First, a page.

Commentary: This is the earliest alphabetical writing known. There are less than 30 pictographs/letters. The invention might have come from knowledge of Egyptian hieroglyphs, which had signs for consonants, but the Egyptians never used these alphabetically. Since the language is Canaanite West Semitic and not Egyptian, the invention probably took place in Israel/Palestine/Lebanon. This might have been the only script and language available in Sinai (apart from Egyptian) when the 10 Commandments were written down 16th-13th c. BC. Phoenician alphabetical script, ca. 12th c. BC, is the direct descendant of the Proto-Sinaitic/Proto-Canaanite alphabetical script (see MS 715), which again, developed into the Greek alphabet around 800 BC (see MS 108), that was the basis of the Latin alphabet. The developments of 1. language (spoken communication), 2. writing, 3. the alphabet, and 4. printing, are among the highest achievements and milestones in the evolution of humanity.

Published: To be published by Andrè Lemaire.

Exhibited: The Norwegian Institute of Palaeography and Historical Philology (PHI), Oslo, 13.10.2003-06.2005.

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MS 1955/6 ms 5180
LAWSUIT AGAINST SHAMUMANU, OWNER AND TREASURER OF A MARZIH, A SOCIAL BANQUETING CLUB, FROM ITS MEMBERS, THAT HE SHALL REPAY 50 SHEKELS OF SILVER THAT HE HAS STOLEN. SHAMUMANU, ANGERED BY THE ACCUSATION, THREATENS TO THROW THE CLUB MEMBERS OUT OF HIS HOUSE AND RELEGATE THEM TO A STALL, TO TREAT THEM LIKE ANIMALS. WITNESSES: IHIRASHPU SON OF UDRNN AND ABDINU SON OF SIGILDA

MS in Ugaritic on clay, Ras Shamra, Ugarit, Syria, 13th c. BC, 1 tablet, 10,3x8,5x2,0 cm, single column, 10+11+3 lines in alphabetic cuneiform script.

Context: Another tablet in alphabetic Ugaritic is MS 1955/5. For a tablet in Akkadian from the same hoard, see MS 1955/1.

Provenance: 1. Excavated Ras Shamra, Syria (1957); 2. Prof. Claude Schaeffer, College de France, Zürich (1957-1970); 3. Claremont Graduate School, Institute for Antiquity and Christianity, Claremont, California, RS 1957.702 (1970-1994).

Commentary: The Ugaritic tablets represent the 2nd earliest alphabet known. It has 30 signs and a word divider.

Published: Analecta Orientalia, 48, Roma, Pontificium Institutum Biblicum, 1971: Loren R. Fisher, editor, The Claremont Ras Shamra Tablets, pp. 37-54. .

Exhibited: 1. The Claremont Ras Shamra Tablets, at the Institute for Antiquity and Christianity, Claremont, California 1970-1994. 2. The Norwegian Institute of Palaeography and Historical Philology (PHI), Oslo, 13.10.2003-06.2005.

See also MS 715 Phoenician alphabetical script, Israel/Lebanon, 11th c.

See also MS 5235 Phoenician alphabetical script, Lebanon, ca. 539-532 BC

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MS 108
THE EARLIEST GREEK ALPHABET
MS in Greek on copper, Cyprus, ca. 800 BC, 2 tablets, 21x13 cm, single column, (19x10 cm), 20-23 lines in archaic Greek capitals with some North Semitic (Phoenician) letter forms by 2 or more scribes.

Binding: Greece, ca. 800 BC, strung together on both sides so as to fold in concertina fashion with holes in all 4 corners of both tablets.

Context: This is the oldest European alphabet, the oldest writing tablets extant, and part of the world's oldest book in codex form. The other old writing tablets are 2 from Nimrod, one ivory, the other walnut wood, dated 707 - 705 BC., in addition to a 8th c. BC Neo-Hittite wood tablet. (Roberts/Skeat: The Birth of the Codex, pp. 11-12.) Apart from the present MS the oldest Greek inscription of any length is the Dipylon oinochoe from Athens, ca. 740 BC. The oldest short inscriptions are dated ca. mid 8th c. BC.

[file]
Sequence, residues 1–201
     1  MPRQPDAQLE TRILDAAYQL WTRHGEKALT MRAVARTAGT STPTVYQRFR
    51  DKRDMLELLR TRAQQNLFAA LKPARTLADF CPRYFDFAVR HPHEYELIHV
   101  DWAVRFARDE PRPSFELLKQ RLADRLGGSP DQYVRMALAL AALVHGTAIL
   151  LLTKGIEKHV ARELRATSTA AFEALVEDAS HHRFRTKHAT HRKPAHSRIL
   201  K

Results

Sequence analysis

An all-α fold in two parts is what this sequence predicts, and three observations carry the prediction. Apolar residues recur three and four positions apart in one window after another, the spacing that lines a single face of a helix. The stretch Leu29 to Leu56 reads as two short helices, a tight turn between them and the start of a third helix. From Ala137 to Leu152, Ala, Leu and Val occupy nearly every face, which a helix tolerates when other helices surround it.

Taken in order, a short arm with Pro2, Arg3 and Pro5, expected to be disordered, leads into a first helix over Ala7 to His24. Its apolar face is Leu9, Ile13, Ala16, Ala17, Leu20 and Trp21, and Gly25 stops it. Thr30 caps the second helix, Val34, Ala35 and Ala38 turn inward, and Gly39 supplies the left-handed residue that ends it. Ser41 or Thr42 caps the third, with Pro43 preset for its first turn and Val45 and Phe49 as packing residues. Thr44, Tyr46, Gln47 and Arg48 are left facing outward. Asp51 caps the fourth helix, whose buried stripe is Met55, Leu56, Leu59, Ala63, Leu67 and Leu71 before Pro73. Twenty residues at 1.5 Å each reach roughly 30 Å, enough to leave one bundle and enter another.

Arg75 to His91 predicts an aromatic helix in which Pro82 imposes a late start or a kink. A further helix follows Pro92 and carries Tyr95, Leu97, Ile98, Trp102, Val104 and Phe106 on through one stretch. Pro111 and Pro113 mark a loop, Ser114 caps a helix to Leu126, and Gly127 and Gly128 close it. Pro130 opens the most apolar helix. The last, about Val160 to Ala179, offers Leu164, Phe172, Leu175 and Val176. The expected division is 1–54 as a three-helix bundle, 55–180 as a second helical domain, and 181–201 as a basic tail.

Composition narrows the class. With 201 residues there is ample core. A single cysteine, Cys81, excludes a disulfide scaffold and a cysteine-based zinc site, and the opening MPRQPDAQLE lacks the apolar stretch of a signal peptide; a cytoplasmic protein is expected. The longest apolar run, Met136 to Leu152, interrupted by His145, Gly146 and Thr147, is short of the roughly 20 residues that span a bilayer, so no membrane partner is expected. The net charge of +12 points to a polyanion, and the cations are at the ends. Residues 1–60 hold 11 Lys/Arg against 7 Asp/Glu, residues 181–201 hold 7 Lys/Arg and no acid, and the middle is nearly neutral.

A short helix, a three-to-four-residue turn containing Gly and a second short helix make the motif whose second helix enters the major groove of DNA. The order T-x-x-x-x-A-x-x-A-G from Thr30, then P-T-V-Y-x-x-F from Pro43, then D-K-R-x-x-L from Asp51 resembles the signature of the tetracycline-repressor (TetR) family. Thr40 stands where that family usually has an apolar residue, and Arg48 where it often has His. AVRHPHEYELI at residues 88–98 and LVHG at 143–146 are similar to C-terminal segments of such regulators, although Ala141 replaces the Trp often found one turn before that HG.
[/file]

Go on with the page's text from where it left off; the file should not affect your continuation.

A third tablet originally bound with the present ones is: "The Würzburger Alphabettafel", published by A. Henbeck: Würzburger Jahrbücher für Altertumswissenschaft, 12, pp. 7-20, 1986 and housed at the University of Würzburg, Martin-von-Wagner-Museum; a fourth is owner by a private collector. The codex originally consisted of at least 5 tablets.

Provenance: 1. School archive, Cyprus (ca. 800 - ca. 2nd c. BC); 2. Excavated in Fayum, Egypt; 3. Professor Aziz Suryal Atiyah, Utah, U.S.A. (-ca. 1960); 4. H.P. Kraus Cat. 165(1983):25.

Commentary: The alphabet on the plaques is now called the Fayum alphabet. The earliest Greek MS extant. An ABECEDARY contemporary with Homer, an amazing preservation of students' learning of the Greek alphabet at the very inception of its use. The Alphabet is repeated over and over, and contains the North Semitic (Phoenician) number of letters (22), ayin/aleph to taw/tau in Phoenician and Greek order, written in continuous retrograde lines. It represents the earliest and most complete link between Greek letter forms and the North Semitic parent forms. Writing tablets were familiar to Homer. It was on a folded tablet Proitos scratched the "deadly marks" that were intended to send Bellerophon to his death. The Iliad VI:168-179.

Published: Papyrologica Florentina, vol. XXXV. Rosario Pintaudi: Papyri Graecae Schøyen. Firenze, Edizioni Gonnelli, 2005 (Manuscripts in The Schøyen Collection V: Greek papyri, vol. I), pp. 149-160, by R.D. Woodward, D.A. Scott, P.K. McCarter, B. Zuckerman, M. Lundberg

Exhibited: 1. Conference of European National Librarians, Oslo. Sept. 1994. 2. "Preservation for access: Originals and copies". On the occasion of the 1st International Memory of the World Conference, organized by the Norwegian Commission for UNESCO and the National Library of Norway, at the Astrup Fearnley Museum of Modern Art, Oslo, 3 June - 14 July 1996. 3. The Norwegian Institute of Palaeography and Historical Philology (PHI), Oslo, 13.10.2003-06.2005.